Frank and Boney Earnest were originally from Ontario and came to the United States in 1864. Sir Henry described Boney as "in appearance a slendid specimen of frontier manhood, the ideal hero of western romance." (Seton-Karr, p. 185). In 1864, Boney became a member of a party consructing Col. David A. Butterfield's stage and wagon road from Atchison, Kansas, to Denver. The Indians were somewhat fierce. Boney later described them as "thick as mosquitoes in a southern swamp. If we had not had an escort of four hundred calavalry none of us would have come through alive and the stage road would never have been built." Nevertheless, the first wagon got into Denver in June 1865. Boney drifted west into what would later become Wyoming Territory. There he trapped and prospected. Along with Tom Sun and Frank Harrington they filed claims near the ghost town of Sodium west of Casper. They were burned out by Indians.

As to Frank Earnest, Sir Henry noted that "there was nothing in the detail and necessary parahernalia of camp-life that he was not familiar with -- from chosing a camp and shoing a horse to frying a venison steak and baking in a camp oven." Frank with Ed Bennett operated a cable ferry across the North Platte River. The cables were made of braided buffalo hide. In 1874, Boney, along with Tom Sun, became a scout for Col. Anson Mills' expedition against the Indians. Boney Earnest became one of the three principal guides relied upon by British hunters in the territory. The other two were Buffalo Bill and Texas Jack Omohundro. The three maintained a friendly rivalry. Sir Henry recalled sharing drinks with Frank, Buffalo Bill, Texas Jack and Boney in a saloon at Fort Steele:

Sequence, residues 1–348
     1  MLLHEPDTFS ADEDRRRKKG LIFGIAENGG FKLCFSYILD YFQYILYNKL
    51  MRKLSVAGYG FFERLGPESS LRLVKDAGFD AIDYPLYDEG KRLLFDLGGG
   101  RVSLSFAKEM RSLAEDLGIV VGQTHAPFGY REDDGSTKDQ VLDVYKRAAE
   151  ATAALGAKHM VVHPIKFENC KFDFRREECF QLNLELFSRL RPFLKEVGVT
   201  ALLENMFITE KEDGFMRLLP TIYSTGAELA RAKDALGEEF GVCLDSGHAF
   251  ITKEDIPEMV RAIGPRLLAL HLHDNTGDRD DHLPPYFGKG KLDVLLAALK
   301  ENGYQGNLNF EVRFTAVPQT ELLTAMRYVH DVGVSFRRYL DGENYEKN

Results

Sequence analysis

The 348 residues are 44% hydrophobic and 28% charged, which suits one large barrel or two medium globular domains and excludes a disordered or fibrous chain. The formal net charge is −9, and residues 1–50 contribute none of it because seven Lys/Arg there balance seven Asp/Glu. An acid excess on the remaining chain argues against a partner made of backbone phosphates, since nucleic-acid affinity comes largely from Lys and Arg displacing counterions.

We were assembled in a Fort Steele saloon, where Boney had been regaling the assembled company with blood-curdling yarns of the hostile Indians, huge grizzlies, and impassable cañóns, that he and his party had recently met with in the heart of the mountain ranges on the Idaho border, a district then almost unknown. It was clearly implied from Boney's narrative that unparalleled difficulties and dangers had there been successfully negotiated by himself and his companions.
Buffalo Bill, to whom we had been formally introduced that afternoon, was present, and for a time played the part of a silent and interested listener. Later in the evening, after some further friendly intercourse and refreshment, Buffalo Bill unburdened his soul on the subject of Boney's tales. 'Of the three biggest liars in America,' he casually remarked, 'Texas Jack is one, and Boney, here, is the other two!'